What so few bag toters fail to recognize is that it's work! Perhaps if a few more started out with that thought in mind (rather than the glories of living by Lake Gefutch, which is sterile anyway), we might begin seeing a few more pragmatic campers and reduce the overpopulation in the back country.
I do disagree about the stove. I use a little blue butane stove, and it is handier for me than balancing the pot on a pile of unsteady rocks.
W. STUART HOME
Evonne Goolagong wins at Wimbledon and is featured on your July 12, 1971 cover. This year America wins both the men's and women's singles at Wimbledon and Jim Ryun is featured.
A grave injustice to Billie Jean, Stan and U.S. tennis fans.
JOHN R. MOLLENAUER
Your story about Ralph Nader's visit to Australia (PEOPLE, July 17) contains a very inaccurate statement that requires correction. It is simply not true that "the big reds and grays [kangaroos] that are killed for pet food and hides are not disappearing—yet—in places like New South Wales."
In fact, available scientific evidence, almost without exception, indicates that the larger species of kangaroo is being wiped out at a rate that will soon bring about its final extinction.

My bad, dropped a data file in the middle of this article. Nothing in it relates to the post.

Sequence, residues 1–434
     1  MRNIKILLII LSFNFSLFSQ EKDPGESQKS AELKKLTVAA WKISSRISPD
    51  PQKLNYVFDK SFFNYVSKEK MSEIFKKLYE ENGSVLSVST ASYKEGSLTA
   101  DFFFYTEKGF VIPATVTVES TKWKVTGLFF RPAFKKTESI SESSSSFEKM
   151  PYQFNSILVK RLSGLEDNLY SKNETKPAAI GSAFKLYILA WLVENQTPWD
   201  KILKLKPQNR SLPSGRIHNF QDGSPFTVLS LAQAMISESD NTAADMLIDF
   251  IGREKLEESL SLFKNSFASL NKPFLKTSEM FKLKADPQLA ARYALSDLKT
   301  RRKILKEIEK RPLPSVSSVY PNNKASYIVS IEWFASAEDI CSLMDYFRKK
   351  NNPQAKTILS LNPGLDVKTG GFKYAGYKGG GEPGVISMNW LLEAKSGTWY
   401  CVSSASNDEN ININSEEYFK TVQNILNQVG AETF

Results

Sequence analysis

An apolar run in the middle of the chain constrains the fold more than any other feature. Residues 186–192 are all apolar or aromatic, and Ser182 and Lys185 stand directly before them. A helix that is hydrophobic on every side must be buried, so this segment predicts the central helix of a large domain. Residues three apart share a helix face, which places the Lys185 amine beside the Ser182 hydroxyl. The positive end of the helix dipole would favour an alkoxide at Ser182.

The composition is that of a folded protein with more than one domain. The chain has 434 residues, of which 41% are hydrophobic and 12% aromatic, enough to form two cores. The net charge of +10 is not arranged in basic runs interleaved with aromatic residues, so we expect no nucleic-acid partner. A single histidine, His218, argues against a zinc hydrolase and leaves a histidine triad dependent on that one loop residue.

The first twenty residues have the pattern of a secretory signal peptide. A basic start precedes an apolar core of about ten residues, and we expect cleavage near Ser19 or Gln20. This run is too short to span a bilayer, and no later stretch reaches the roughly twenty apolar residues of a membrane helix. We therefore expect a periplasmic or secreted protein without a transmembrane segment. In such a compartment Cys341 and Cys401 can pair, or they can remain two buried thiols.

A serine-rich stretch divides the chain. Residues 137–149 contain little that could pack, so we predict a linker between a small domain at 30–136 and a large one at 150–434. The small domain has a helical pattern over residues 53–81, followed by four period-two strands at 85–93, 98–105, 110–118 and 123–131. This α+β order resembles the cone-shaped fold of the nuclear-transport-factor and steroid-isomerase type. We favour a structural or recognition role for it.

By annually importing between 500,000 and a million kangaroo pelts, the U.S. has created a tremendous incentive for the slaughter of these gentle, defenseless creatures. Although imports of products from threatened animals are banned by the Endangered Species Conservation Act of 1969, Secretary of Interior Rogers Morton has so far refused to add the kangaroo to his department's endangered-species list, which would give an immediate respite to these hard-pressed animals.
The Fund for Animals
John Underwood's account of his interviews with the Cornhusker graduates (The Graduates, July 3) was deeply moving with some of its stark reality, and the contrast between the two Woody Cox pictures (football player, chicory-headed student) told it all. It is this type of feature and excerpts from books like End Zone that inspire us lowly high school athletes and make SI uniquely superior in its field.
Thank you for a great article on the 1972 Olympic Track and Field Trials (The High and the Mighty, June 17), a very competitive and surprising meet in which many new champions arose. I am delighted by Jim Ryun's resurgence. After watching him struggle at the beginning of the year, it is gratifying to watch him become a winner again.
The cover picture was a masterpiece, just as was the one of Ryun and Marty Liquori battling it out last year.